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Matthew Flinders Monument, Mauritius Overview

The paradise island with its rich history, Mauritius, does not fail to shower you with historical places to visit and take you back in time. One such significant marvel of the island is the Matthew Flinders Monument. It stands on the shore of Baie du Cap, 500 metres towards the west.

Matthew Flinders Monument
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The Monument

The Matthew Flinders Monument was unveiled on 6th November 2003 at Baie du Cap by Philippe de la Hausse de la Louviere, President of the Societe de I?Histoire of Mauritius. The bronze monument displays the structure of Matthew Flinders in a simple, stonewalled room marking his detention period and is surrounded by a chest, his flute, his loved cat Trim and a compass. The design of the monument is the work of Madame Szuszanna Szemok. Air Mauritius helped the construction in transporting bronze.

The Matthew Flinders Monument was inaugurated in the year 2003 to honour the 200th anniversary of this English cartographer and navigator’s arrival to the island. His arrival was quite a dramatic one as the poor man had no idea about the war going on between England and France and immediately imprisoned for a period of 6 years!

About Matthew Flinders

Matthew Flinders Monument
Matthew Flinders
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The story of Matthew Flinders is indeed a remarkable one. At the age of 15, he went on sea voyage as a part of serving under the renowned Captain Bligh and surveyed different parts of Oceania. Later on in 1801, Flinders followed Captain Nicolas Baudin and traversed the Atlantic Ocean, the Indian Ocean and the Pacific Ocean. In fact, he was the first one to circumnavigate Australia. After being shipwrecked, he paddled for more than 700 miles to find land and save the men sailing with him. As a part of the process, he mapped treacherous coastlines and unexplored territories with high accuracy. He even encountered Aboriginal people who were unknown to the rest of the world. After meeting them, he saw new and strange creatures those were not yet discovered by science.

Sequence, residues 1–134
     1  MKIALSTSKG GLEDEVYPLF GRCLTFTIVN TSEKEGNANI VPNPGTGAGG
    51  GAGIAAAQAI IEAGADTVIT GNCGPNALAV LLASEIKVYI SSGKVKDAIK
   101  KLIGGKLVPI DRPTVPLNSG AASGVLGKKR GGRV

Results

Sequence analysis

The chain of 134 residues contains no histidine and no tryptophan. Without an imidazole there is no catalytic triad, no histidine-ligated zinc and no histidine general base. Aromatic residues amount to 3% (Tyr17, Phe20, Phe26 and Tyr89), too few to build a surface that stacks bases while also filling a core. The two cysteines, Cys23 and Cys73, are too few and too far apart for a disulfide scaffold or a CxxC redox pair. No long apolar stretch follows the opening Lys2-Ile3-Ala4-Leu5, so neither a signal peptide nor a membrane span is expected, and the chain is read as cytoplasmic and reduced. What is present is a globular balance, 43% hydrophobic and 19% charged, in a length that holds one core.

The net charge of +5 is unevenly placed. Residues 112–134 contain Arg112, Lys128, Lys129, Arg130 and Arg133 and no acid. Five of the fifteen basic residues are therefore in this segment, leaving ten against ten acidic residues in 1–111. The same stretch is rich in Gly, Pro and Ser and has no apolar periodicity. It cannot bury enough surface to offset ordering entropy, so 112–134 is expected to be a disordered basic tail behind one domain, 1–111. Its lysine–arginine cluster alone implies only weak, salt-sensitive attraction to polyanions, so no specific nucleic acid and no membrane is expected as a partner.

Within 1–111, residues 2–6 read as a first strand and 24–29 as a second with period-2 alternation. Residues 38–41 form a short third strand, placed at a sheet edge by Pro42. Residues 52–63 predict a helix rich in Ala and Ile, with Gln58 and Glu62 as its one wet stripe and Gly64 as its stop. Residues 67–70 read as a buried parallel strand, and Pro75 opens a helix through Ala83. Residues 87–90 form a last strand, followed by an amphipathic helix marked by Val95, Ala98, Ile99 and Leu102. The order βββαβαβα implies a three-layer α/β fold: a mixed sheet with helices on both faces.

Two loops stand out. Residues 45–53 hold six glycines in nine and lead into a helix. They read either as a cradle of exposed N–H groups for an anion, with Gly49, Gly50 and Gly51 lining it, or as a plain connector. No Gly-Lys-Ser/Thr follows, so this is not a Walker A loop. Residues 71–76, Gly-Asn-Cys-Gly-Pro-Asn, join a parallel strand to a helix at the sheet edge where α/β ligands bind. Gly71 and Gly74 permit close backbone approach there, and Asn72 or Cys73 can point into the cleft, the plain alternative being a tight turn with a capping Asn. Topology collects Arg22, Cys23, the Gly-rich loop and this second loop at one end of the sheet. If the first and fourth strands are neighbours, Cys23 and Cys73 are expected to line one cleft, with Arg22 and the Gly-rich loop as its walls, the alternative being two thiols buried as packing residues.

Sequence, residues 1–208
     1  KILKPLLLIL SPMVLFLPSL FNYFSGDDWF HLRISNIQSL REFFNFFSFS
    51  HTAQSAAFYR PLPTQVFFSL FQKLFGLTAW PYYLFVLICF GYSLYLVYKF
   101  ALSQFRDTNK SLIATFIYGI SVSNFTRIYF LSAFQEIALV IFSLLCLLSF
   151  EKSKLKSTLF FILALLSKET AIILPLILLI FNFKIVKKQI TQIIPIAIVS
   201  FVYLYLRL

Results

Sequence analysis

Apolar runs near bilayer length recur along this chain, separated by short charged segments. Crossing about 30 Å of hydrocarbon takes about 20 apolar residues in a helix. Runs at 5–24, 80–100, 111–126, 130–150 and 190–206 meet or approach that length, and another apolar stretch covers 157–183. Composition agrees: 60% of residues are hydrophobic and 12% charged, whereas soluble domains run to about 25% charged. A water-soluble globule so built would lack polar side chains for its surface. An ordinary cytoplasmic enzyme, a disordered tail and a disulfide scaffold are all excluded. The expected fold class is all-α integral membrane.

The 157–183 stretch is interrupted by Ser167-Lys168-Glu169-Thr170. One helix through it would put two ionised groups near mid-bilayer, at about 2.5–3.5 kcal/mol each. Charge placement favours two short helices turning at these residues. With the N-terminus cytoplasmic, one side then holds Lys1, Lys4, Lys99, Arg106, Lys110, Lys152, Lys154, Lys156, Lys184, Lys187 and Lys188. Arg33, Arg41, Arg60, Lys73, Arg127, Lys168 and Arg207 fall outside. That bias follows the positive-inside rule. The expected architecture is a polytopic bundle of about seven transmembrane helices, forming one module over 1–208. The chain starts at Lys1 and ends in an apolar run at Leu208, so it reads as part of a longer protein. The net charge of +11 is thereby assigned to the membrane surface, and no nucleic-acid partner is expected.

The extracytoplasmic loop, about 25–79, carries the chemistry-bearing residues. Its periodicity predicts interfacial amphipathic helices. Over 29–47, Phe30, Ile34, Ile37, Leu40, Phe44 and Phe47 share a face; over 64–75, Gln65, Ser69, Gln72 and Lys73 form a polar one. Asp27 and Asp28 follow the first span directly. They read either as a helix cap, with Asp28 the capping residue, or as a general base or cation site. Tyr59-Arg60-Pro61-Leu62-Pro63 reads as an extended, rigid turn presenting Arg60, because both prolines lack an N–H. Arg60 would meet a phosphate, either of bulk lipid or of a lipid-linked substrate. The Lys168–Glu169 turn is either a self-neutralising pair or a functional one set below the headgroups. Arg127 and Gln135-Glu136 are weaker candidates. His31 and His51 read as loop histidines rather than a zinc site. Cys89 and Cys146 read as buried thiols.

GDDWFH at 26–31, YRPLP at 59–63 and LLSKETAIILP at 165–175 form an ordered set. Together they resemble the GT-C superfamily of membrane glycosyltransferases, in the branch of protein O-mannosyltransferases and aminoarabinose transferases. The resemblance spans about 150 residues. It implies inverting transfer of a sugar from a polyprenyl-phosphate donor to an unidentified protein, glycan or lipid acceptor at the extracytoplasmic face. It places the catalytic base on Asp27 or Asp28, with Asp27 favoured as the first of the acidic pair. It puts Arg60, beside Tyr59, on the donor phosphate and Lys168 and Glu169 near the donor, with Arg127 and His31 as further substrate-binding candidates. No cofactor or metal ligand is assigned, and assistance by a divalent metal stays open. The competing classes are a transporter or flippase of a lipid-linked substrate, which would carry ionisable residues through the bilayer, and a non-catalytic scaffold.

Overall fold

Flinders in Mauritius

Matthew Flinders Monument
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At the age of 29, he was on his return journey back to Britain, highly motivated to publish his discoveries and maps. Nevertheless, because of his leaking vessel, he had to change his course towards Baie du Cap. Since Flinders could not speak French, Governor General Decaen of Mauritius was convinced that he was a British spy and hence, refused to permit him to continue on his voyage. We get to learn more about the detention of Matthew Flinders on Ile de France, the name by which Mauritius was known that time, and how he coped in the two studies by Marina Carter and Huguette Ly Tio. Flinders had to spend two years in detention in Port Louis and an extra four years on parole in the Madame d’Arifat estate near the Mare aux Vacoas. It was then when he started walking to many surrounding areas namely Grand Bassin, Sept Cascades, Yemen, Tamarin, Moka and Mesnil at Eau Coulee where he found La Perouse’s homestead ruins. It was Flinders who was behind the construction and erection of a monument at La Perouse, which is reputed as the first ever memorial to be built in Mauritius. Flinders is credited for providing us with a detailed historical description about the slave hideaway in Mauritius, which was some caves near Flic en Flac.

Matthew Flinders Monument
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A remarkable factor regarding Matthew Flinders stay in Mauritius is that even though he was a loyal British naval captain, he managed to develop strong, friendly relations with the French citizens including many naval officers and military, not to mention during a tensed period when both the countries were at war. His thirst for knowledge found a grooming ground in the ‘la Table Ovale’ and ‘Societe d’Emulation’. Flinders was known for his work in hydrography and logs. His academic excellence is exemplified through his publication on the compass errors caused due to iron in ships. It was an important paper for the Royal Society, which led to the development of Flinders Bars. He was also very generous and courteous in his relations with the slave and the free black people. He paid them well in exchange for their work without any discrimination and respected their vast knowledge about the local customs and terrains.

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